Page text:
Holidays can be times of great joy, celebration, enjoying seasonal foods and beverages, time with those we care about, time away from work or time for vacations and trips. The Holidays can also bring additional stress. There are often more things to do and less time to do them. Our normal routines get disrupted and these changes can affect sleep patterns and contribute to fatigue. The more we try to push through these kinds of stressors the more likely they are to take stronger hold and lead to even more stress and depression. This Holiday season is unlike any other. There are great uncertainties associated with the pandemic not the least of which are concerns about the health and safety of others and ourselves. Family traditions of being together are unsettled and the challenges of how to connect with friends and family are requiring creativity, flexibility, and acceptance.
* Know common signs of distress so that you can help yourself cope better, get support if needed, and help friends and family with their awareness. Common signs that most of us experience are grouchiness, impatience, loss of humor, uneasiness, sleep problems, and trouble concentrating and thinking clearly.
Some stress is normal during holidays. Prevention and awareness are the best remedies for excess holiday distress. Practicing some basic strategies can help enhance the joy of the Holidays. The list that follows are just some suggestions, pick and choose whatever appeals to you.
- If possible, do some planning with family and friends so there is clarity about if and how people will gather with reasonable caution.
- Create a budget so that gifts, whether purchased or created, will not break the bank.
- Plan/schedule to have some time for yourself during the week that is not committed to any other people or activities. This time could include both rest and play. Moderate exercise is a stress reliever and is good for us year round. Each of our needs for this ‘self-time’ varies so do what works for you.
- Take time each day to stop and to be present with yourself and life, just as it is. For example, you can take a relaxation breathing break; take 3 to 4 deep breaths and focus on just ‘being’ rather than ‘doing.’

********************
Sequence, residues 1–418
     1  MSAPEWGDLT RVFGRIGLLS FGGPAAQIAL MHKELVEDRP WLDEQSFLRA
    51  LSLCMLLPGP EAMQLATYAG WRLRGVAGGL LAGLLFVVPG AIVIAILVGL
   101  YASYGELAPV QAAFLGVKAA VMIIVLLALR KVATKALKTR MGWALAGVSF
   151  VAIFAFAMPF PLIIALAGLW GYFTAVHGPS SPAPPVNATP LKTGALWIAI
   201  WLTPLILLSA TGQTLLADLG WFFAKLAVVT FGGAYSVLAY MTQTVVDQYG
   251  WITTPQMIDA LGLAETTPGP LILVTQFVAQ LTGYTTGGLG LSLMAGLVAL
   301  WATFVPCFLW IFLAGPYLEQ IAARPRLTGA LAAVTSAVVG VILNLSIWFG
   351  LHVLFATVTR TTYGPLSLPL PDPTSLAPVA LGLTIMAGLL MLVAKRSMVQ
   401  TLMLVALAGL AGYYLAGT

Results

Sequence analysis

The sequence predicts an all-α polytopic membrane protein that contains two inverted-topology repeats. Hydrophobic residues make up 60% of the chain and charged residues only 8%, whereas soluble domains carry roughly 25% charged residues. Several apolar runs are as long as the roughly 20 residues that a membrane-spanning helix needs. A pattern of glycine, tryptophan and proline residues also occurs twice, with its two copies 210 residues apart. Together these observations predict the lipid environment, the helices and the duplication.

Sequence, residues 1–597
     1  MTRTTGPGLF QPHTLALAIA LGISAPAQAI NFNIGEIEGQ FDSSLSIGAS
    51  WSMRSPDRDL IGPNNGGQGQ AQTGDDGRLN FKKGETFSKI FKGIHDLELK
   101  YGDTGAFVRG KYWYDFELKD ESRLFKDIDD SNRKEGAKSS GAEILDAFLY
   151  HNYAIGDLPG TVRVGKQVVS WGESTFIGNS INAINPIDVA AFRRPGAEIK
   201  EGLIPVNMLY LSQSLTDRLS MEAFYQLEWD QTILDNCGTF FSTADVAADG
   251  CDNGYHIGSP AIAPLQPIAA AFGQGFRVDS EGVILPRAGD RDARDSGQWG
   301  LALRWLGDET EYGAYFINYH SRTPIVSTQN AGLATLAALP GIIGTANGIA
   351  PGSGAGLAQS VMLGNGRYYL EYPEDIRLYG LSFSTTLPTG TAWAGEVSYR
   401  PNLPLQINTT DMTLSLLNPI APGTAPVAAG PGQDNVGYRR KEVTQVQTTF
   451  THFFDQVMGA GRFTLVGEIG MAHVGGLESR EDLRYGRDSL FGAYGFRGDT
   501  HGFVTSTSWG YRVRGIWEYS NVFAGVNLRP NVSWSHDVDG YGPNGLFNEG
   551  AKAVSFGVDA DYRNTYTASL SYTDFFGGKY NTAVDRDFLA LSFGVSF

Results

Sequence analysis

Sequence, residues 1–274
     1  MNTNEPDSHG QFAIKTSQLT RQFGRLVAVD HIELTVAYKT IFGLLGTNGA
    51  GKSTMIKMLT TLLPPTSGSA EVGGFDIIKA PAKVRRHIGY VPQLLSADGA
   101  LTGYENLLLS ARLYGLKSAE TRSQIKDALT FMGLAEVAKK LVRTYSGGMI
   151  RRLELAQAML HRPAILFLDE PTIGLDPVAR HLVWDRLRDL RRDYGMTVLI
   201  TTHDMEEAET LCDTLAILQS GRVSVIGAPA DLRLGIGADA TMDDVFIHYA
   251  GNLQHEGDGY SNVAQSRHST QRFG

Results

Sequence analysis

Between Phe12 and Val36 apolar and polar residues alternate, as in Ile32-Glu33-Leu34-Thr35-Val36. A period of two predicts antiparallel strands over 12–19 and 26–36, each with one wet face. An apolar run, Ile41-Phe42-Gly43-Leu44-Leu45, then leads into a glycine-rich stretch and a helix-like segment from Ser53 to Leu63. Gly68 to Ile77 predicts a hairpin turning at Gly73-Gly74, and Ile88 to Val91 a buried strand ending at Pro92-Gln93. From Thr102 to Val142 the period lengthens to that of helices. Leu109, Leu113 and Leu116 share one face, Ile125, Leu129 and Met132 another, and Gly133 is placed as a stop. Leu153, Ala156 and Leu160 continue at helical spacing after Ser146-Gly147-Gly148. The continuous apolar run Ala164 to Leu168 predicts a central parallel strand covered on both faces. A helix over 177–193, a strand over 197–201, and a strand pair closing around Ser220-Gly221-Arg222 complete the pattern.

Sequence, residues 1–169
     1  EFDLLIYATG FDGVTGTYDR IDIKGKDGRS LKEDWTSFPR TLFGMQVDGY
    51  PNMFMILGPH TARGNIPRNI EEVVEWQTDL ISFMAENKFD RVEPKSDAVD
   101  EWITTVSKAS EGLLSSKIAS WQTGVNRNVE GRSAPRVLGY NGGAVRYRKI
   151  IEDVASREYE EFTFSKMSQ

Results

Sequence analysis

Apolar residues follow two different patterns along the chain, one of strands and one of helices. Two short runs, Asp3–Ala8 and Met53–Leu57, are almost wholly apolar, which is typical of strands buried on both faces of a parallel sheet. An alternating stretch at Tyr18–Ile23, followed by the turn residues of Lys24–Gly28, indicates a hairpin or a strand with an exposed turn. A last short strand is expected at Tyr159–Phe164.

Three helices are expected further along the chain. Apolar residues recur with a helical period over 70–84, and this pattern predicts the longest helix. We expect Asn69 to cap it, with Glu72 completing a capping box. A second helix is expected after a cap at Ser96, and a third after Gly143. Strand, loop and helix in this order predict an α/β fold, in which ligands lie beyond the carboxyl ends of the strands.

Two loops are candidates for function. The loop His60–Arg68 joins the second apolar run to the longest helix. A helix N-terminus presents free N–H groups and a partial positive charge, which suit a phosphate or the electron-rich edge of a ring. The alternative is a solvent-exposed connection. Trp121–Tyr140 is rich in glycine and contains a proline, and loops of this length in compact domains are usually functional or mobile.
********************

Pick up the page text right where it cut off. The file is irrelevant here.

- Give yourself permission to say no to things you don’t want to do or that feel like heavy obligations. Commercialism and consumption are very much a part of our culture and can be over-emphasized during the Holidays. Saying no to these forces and yes to things that bring you better quality of life can make the Holidays more enjoyable. Leaving events before you get tired or limiting the number of activities you could be involved in will give you a sense of control when things can seem out of control.
- Enjoy the special foods and spirits of the season in moderation.
- Prioritize and simplify. Decide what is most important to you and use that awareness to make decisions about how you want to spend your time.
- What are your expectations for the Holidays? Are those realistic? If things don’t go as planned leave room for some self-compassion, ‘a little Holiday spirit’ and acknowledge that you are doing what you can.
- During times of stress we tend to focus on what is not working or what is stressful. Commit to noticing what is working well, what you are enjoying, and what you are grateful for. Give thanks and write a list of things that you are grateful for. Use your list each day to help focus on what is more pleasant and life enhancing. These can be really simple things.
- The Holidays offer the opportunity to pay attention to what is important to us and to practice letting go of what is not.
A final thought for a little forethought: Imagine the Holidays are over and you are reflecting back on the past Holiday season, what would you like to be able to say about your Holidays?
Written by: Mike Kenny, PsyD Behavioral Health Provider at AgeWell